Brain is arguably the most complicated biological tissue. Many different cell types are intertwined and interconnected. Moreover the number of different cell types in the brain is vast and poorly understood. Molecular markers exist for many of these cell types and more are being uncovered at a rapid pace, thanks to the development of single-cell sequencing approaches. However, it is difficult to graft these molecular identities onto the cells revealed in connectomic studies, which rely heavily on the electron microscopy of an intact brain.
To superimpose (i.e. paint) the black-and-white EM images obtained in serial section electron microscopy with colors that signify their molecular identity, this work describes a new approach to correlate fluorescence light microscopy with electron microscopy (i.e. CLEM). Fluorescently tagged antibodies do provide easy-to-get labels for localizing many different molecular moieties in the same sample. But immunostaining requires detergents to create holes in cell membranes that invariably compromise the quality of electron microscopy-based ultrastructure which prevent connectomic analysis. In search of immunofluorescence staining agents that might be permeable without detergents we examined nanobodies. Nanobodies, which are lab-made fragments of heavy-chain-only antibodies produced in sharks, camels and related animals are essentially downsized antibodies. They only have 1/10 molecular weight of full-size antibodies; but, like a typical antibody, nanobodies are able to bind selectively to specific antigens. We tapped the size dividend of nanobodies and developed NATIVE (Nanobody-Assisted Tissue Immunostaining for Volumetric Electron microscopy), a tissue processing and staining method for large-scale CLEM imaging without compromising the ultrastructure.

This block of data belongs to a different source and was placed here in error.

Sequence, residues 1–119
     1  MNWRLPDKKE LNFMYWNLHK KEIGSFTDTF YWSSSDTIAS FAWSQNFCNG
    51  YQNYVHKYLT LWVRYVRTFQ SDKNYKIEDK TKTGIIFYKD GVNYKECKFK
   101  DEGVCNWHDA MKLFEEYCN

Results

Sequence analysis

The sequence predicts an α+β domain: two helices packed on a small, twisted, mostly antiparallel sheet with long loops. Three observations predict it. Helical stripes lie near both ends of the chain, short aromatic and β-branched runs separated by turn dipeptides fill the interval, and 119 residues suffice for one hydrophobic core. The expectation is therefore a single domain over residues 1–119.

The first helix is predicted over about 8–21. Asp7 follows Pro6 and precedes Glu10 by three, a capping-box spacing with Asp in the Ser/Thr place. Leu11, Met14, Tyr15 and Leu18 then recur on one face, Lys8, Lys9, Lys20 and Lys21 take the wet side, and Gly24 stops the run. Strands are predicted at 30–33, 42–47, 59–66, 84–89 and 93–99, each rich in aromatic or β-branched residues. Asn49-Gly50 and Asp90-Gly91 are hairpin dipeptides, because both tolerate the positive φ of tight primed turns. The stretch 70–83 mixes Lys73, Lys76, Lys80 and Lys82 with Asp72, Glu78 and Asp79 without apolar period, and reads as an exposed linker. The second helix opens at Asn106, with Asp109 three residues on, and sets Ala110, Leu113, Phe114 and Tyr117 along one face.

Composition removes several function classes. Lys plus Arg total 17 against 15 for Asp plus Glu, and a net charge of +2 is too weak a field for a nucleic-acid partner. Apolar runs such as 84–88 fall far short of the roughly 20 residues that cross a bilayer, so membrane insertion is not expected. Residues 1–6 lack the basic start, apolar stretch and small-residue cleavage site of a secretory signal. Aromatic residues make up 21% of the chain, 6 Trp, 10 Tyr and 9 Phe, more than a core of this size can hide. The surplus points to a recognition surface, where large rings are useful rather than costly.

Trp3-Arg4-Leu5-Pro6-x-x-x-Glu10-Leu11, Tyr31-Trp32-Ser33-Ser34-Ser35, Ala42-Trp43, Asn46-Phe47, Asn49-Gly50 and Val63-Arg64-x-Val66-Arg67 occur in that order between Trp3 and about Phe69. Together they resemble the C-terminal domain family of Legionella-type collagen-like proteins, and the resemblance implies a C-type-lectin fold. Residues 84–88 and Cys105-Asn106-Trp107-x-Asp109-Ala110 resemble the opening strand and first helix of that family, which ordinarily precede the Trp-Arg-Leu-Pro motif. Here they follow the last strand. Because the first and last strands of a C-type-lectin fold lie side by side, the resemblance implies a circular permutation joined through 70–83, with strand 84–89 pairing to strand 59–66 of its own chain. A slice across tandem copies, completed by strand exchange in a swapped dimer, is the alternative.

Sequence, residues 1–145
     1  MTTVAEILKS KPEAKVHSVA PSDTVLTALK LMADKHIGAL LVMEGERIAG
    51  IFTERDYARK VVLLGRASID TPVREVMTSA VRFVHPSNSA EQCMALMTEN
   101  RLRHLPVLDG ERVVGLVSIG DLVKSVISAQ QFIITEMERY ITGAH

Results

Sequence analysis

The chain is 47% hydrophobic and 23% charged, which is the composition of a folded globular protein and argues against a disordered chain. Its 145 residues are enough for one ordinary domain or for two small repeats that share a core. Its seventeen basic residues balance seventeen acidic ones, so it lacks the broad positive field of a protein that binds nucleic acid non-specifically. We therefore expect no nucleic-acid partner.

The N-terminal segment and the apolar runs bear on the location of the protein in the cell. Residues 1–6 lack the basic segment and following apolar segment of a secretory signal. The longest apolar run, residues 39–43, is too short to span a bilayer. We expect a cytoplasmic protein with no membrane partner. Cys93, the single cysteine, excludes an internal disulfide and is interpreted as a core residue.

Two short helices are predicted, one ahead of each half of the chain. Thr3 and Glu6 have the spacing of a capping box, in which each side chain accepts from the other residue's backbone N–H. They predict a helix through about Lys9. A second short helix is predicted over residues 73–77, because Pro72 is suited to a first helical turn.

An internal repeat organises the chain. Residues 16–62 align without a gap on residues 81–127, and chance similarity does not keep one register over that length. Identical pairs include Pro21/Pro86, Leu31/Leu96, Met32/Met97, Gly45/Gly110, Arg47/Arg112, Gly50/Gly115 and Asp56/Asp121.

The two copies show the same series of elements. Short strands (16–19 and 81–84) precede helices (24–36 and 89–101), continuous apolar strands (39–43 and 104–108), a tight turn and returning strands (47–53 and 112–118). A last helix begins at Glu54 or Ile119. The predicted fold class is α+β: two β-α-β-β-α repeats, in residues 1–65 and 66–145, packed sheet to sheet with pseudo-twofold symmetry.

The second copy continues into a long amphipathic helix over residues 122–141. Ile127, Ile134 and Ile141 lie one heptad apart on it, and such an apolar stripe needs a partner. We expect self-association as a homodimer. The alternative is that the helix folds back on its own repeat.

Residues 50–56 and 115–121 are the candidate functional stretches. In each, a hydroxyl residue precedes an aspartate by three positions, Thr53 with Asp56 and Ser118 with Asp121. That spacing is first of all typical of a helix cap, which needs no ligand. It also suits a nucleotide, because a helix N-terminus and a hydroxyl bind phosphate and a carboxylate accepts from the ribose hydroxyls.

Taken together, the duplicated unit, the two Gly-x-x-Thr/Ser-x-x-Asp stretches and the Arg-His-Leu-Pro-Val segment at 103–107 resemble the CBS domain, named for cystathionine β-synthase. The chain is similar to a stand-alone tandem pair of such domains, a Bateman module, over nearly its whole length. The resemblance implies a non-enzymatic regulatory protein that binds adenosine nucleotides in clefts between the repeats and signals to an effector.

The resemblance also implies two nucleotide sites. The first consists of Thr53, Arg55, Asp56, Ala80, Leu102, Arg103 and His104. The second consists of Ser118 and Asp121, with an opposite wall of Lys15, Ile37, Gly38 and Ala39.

To perform NATIVE, the nanobodies to brain antigens were conjugated with organic fluorophores and added to a paraformaldehyde-fixed tissue. We found that without any permeabilization agent, the cytoplasm of the cells and processes were readily accessible to the fluorescent nanobodies. Because of this, we could do fluorescence confocal imaging on a tissue sample and then prepare the same sample for electron microscopy staining and imaging. High ultrastructural quality is preserved in NATIVE allowing us to trace out neural circuits with the color information of cellular identities superimposed from the confocal images onto the electron microscopy. Moreover, their small size allows them to penetrate deeper into volumetric samples than regular antibodies.
Since NATIVE fully decouples immunofluorescence from the subsequent EM staining, light and electron microscopy can each operate without compromise. It is likely therefore that other fluorescence imaging techniques such as light sheet or super-resolution techniques can also be coupled to NATIVE. We expect that NATIVE will also allow the exploration of other biological samples bedsides brain, with an unprecedented multiplicity of markers, resolution and scale.